Henry Oh

St. John's Medical Center, Jackson, Wyoming, United States

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Publications (3)4.5 Total impact

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    ABSTRACT: Laparoscopic live donor nephrectomy is becoming the procedure of choice for kidney procurement. In the course of 172 laparoscopic procurements, degloving of the renal capsule, a rare complication believed to be related to the method of extraction of the kidney, was encountered in 2 patients (1.2%). The complication was noted after revascularization of the kidney. A capsulotomy was performed to evacuate the subcapsular hematoma. No adverse effect was noted in the postoperative period in the transplanted kidneys.
    Journal of Laparoendoscopic & Advanced Surgical Techniques 09/2006; 16(4):362-4. · 1.07 Impact Factor
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    ABSTRACT: Since the introduction of the laparoscopic live donor nephrectomy in 1995, attempts have been made to depart from the total laparoscopic approach to the hand-assisted approach to decrease surgical time and complications. We present our 6-year experience with the total laparoscopic approach. Between December 1998 and November 2004 there were 168 total laparoscopic live donor nephrectomies performed at our institution. There were 163 left nephrectomies and 5 right nephrectomies. The procedure was performed in a systematic approach. The surgical time deceased from an average of 2:27 hours in the first year to 1:34 hours in the last year of the study. The overall average warm ischemia time was 3.5 minutes. Major bleeding requiring conversion to an open procedure occurred in 2 (1.2%) donors. Minor bleeding that was controlled laparoscopically occurred in 9 (5.4%) donors. Degloving of the renal capsule occurred in 2 (1.2%) donors with no consequences. Minor mesenteric rent occurred in 7 (4.2%) donors. All mesenteric complications were recognized and repaired laparoscopically. No ureteral or bowel injuries occurred. There were no mortalities. Eighty-three percent of donors were discharged the next day. Total laparoscopic live donor nephrectomy is safe. It was performed successfully in 98.8% of donors with a short surgical time, low morbidity, and 0% mortality.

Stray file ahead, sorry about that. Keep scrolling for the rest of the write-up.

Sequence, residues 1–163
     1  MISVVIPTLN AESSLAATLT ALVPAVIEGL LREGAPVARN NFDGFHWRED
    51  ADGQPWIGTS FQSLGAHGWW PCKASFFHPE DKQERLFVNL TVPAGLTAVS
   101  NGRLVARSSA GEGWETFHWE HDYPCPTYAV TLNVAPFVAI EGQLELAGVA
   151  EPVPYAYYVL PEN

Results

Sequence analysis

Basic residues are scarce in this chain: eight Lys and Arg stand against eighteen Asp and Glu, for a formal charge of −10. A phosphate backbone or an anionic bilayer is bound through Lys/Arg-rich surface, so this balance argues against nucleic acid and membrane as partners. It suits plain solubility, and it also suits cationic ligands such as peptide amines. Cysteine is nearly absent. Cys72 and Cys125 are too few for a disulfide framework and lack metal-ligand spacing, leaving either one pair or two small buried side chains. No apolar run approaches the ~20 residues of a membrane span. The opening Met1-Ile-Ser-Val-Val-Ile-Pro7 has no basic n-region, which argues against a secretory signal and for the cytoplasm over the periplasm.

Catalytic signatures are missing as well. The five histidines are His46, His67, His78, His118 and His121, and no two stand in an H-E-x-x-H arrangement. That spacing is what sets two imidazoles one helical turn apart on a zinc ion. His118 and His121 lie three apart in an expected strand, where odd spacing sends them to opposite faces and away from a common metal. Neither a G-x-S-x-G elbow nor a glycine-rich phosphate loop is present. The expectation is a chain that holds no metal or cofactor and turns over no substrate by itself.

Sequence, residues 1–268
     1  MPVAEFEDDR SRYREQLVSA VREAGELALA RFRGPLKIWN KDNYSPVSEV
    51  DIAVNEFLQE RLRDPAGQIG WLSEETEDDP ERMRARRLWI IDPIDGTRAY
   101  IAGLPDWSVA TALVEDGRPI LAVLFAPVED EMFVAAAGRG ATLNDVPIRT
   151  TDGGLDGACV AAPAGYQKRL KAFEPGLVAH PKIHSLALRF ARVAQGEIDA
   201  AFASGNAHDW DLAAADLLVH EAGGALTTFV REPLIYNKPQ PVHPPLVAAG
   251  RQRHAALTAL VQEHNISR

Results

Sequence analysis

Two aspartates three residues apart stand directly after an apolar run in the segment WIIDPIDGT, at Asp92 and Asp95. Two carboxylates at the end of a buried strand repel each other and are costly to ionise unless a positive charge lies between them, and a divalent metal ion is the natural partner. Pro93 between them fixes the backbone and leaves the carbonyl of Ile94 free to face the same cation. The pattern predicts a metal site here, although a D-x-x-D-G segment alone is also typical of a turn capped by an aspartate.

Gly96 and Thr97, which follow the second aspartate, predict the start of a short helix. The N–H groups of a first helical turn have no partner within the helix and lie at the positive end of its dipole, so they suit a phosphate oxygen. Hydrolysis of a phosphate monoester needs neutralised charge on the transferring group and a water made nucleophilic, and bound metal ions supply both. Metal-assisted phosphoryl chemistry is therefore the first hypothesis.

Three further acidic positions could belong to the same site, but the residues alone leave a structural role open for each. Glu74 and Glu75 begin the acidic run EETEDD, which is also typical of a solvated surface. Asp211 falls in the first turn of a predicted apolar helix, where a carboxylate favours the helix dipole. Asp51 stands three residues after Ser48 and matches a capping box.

The American Journal of Surgery 04/2006; 191(3):325-9. · 2.52 Impact Factor
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    ABSTRACT: Between June 1999 and November 2001 a prospective study was conducted to evaluate the effects of pneumoperitoneum during laparoscopic donor nephrectomy on kidney function using two different pressure settings (15 and 10 mm Hg). The effects were evaluated in both the donor's remaining kidney and the procured kidney in the recipient. There was no statistical significant difference in donors and recipients in regard to age, gender, and body mass index. In the two donor groups there was no difference in operative time (2.77 +/- 0.51 vs 2.70 +/- 0.52 hours; P = 0.579), intraoperative fluid (16.53 +/- 4.72 vs 19.54 +/- 7.04, P = 0.056), and urine output (1.81 +/- 0.53 vs 1.75 +/- 0.96 mL/kg/hour, P = 0.782) respectively. Donors' preoperative and first-day postoperative serum creatinine concentrations also did not differ for the groups (preoperative 0.87 +/- 0.21 vs 0.88 +/- 0.17 mg/dL; and postoperative 1.44 +/- 0.32 vs 1.38 +/- 0.29 mg dL, respectively; P = 0.696). Recipients' preoperative and postoperative serum creatinine concentrations on days 1, 2, 3, 7, 14, and 30 differed over time (P < 0.001) but not between groups (P = 0.541). We conclude that procurement of kidneys under either 10 or 15 mm Hg abdominal pressure gives equally good intraoperative and postoperative results.
    The American surgeon 04/2003; 69(4):300-3; discussion 303. · 0.92 Impact Factor